TROLLHATTAN, Sweden – Aurora 2017 was a Swedish exercise designed to increase the national and joint military capabilities necessary to protect their homeland. The exercise, the largest for Sweden in 23 years, included over 19,000 Swedish personnel along with an estimated 1500 personnel from Denmark, Estonia, Finland, France, Lithuania, Latvia, Norway and the United States. Not only was it the largest exercise for Sweden in 23 years but it was also the first time in 20 years that Sweden’s parliament exercised its wartime powers.
“Aurora is the largest exercise in 23 years, in which the army, air force and navy is participating in a joint exercise. The exercise sends an important signal about our security policy,” said Swedish Minister for Defense Peter Hultqvist. “It raises the deterrent threshold against different types of incidents and provides important data for evaluation of our military capabilities.”
U.S. Special Operations Command Europe contributed personnel as well as special operations aircraft in support of the exercise.
“Any opportunity to train with a joint partner, in another country or region of the globe, in in valuable,” said Lt. Col. John Leachman, the U.S. Air Force Special Operations Forces mission commander. “Swedish SOF enhance our own training by providing our aircrews with professional and highly capable users which gives us realistic tasks and challenging scenarios.”
In addition to the direct benefits that multinational training provides, the exercise also served as a way to strengthen the strategic partnerships between the U.S., NATO allies and partners, and the Nordic countries in particular. The ability to work alongside foreign militaries is not a simple task and one that exercises such as Aurora helps build into the capabilities of those participating.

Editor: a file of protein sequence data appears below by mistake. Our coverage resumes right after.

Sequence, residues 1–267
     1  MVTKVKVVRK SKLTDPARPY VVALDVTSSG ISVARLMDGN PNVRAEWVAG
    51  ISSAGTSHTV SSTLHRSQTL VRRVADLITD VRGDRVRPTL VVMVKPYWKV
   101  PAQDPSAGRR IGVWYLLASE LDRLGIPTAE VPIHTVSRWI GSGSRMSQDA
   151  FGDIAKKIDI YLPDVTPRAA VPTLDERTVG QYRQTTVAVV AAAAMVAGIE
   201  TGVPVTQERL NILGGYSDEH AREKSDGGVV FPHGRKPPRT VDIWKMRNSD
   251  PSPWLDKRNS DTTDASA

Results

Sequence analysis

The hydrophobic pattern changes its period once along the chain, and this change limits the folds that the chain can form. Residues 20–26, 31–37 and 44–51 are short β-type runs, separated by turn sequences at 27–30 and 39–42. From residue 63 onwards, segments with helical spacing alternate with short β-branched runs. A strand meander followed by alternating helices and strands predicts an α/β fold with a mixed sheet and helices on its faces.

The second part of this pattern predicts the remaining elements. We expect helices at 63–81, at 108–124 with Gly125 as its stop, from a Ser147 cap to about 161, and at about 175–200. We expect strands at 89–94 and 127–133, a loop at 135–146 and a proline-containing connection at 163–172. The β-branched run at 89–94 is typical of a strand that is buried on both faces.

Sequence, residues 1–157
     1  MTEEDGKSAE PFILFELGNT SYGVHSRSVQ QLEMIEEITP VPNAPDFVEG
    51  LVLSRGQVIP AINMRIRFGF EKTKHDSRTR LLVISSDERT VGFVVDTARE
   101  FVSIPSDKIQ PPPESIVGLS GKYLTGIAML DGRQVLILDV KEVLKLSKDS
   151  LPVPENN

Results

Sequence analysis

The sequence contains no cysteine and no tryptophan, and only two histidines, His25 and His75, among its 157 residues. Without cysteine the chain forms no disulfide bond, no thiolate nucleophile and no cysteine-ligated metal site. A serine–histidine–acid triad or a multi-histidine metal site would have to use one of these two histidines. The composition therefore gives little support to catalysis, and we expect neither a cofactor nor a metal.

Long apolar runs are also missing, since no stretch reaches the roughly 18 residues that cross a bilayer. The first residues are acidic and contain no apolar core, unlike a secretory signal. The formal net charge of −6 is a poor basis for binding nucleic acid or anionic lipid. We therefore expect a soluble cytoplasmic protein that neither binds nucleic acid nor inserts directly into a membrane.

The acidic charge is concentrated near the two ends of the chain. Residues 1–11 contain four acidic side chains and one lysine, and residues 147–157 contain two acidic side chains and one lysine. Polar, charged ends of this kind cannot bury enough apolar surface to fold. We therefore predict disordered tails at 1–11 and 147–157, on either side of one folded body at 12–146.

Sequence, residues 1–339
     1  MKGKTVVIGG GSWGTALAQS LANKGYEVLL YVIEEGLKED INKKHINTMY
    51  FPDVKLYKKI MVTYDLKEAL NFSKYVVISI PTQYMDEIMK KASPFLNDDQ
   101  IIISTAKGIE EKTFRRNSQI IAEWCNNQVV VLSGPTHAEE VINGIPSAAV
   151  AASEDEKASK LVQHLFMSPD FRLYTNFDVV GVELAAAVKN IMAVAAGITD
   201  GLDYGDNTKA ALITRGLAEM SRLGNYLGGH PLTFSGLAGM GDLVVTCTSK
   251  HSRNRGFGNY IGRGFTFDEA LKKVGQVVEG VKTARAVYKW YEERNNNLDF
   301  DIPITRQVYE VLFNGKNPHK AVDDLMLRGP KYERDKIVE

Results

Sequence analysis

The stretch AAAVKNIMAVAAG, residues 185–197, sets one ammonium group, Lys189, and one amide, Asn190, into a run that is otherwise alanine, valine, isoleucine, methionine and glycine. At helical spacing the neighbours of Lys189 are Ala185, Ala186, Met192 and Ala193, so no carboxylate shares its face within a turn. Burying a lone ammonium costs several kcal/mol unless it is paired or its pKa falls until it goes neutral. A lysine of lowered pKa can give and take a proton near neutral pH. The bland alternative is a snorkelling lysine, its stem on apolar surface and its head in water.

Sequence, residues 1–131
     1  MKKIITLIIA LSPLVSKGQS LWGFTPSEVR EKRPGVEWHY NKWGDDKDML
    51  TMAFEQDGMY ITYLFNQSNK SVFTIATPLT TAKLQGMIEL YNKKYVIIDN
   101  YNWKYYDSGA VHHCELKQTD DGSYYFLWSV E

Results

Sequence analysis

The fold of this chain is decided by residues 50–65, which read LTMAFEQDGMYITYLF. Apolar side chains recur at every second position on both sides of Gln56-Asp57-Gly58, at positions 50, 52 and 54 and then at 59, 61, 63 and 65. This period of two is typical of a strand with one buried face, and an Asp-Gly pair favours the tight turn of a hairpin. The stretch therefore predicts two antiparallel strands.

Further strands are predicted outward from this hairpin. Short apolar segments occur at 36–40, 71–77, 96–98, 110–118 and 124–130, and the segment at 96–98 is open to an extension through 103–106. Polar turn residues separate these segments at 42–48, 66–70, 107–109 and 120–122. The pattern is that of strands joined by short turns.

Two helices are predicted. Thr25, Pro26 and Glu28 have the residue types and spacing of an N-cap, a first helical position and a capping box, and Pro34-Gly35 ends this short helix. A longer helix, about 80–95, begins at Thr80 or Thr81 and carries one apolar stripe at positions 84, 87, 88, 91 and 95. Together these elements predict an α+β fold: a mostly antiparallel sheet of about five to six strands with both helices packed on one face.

“Anytime you work in another country the way they operate is completely different,” said a U.S. Air Force Special Operations Forces C-130 Hercules crewman. “We operate with different militaries from around the world so training in a different country gives you the real-world experience but in a safer setting.”
The special operations forces participating in the exercise not only helped the Swedish military by enabling them to train against a capable opponent but also gave the U.S. air crews a unique challenge.
“In terms of flying, the weather is very unique here,” said a U.S. Air Force Special Operations Forces CV-22 Osprey pilot during the exercise. “The forecast on one airfield does not necessarily translate to the surrounding areas. Unlike what we are used to where if you have a forecast of the cloud height it is generally widespread without much variation. Here in Sweden, it can have a large variance over the area we are flying.”
The training during the exercise will undoubtedly prove to be valuable to those involved, however, Sweden itself left its mark on the Soldiers participating.
“Sweden is a beautiful country, full of friendly people and wonderful places,” said Leachman. “The food, countryside, and hospitality have been incredible.”